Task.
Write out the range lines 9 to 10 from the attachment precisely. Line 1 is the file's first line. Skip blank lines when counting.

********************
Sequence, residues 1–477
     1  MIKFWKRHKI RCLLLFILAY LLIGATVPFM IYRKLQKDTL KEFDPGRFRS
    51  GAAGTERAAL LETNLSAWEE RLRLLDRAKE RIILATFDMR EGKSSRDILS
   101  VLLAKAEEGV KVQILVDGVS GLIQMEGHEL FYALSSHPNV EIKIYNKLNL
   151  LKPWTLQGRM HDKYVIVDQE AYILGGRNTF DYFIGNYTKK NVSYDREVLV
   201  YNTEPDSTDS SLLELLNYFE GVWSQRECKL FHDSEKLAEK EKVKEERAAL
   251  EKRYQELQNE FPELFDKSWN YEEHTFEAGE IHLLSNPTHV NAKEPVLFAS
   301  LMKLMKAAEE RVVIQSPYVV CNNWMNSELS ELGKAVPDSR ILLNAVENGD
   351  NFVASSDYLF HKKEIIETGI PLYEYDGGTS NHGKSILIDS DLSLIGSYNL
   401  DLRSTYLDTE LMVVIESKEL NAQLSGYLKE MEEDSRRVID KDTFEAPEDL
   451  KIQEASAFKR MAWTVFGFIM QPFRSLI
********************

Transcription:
   351  NFVASSDYLF HKKEIIETGI PLYEYDGGTS NHGKSILIDS DLSLIGSYNL
   401  DLRSTYLDTE LMVVIESKEL NAQLSGYLKE MEEDSRRVID KDTFEAPEDL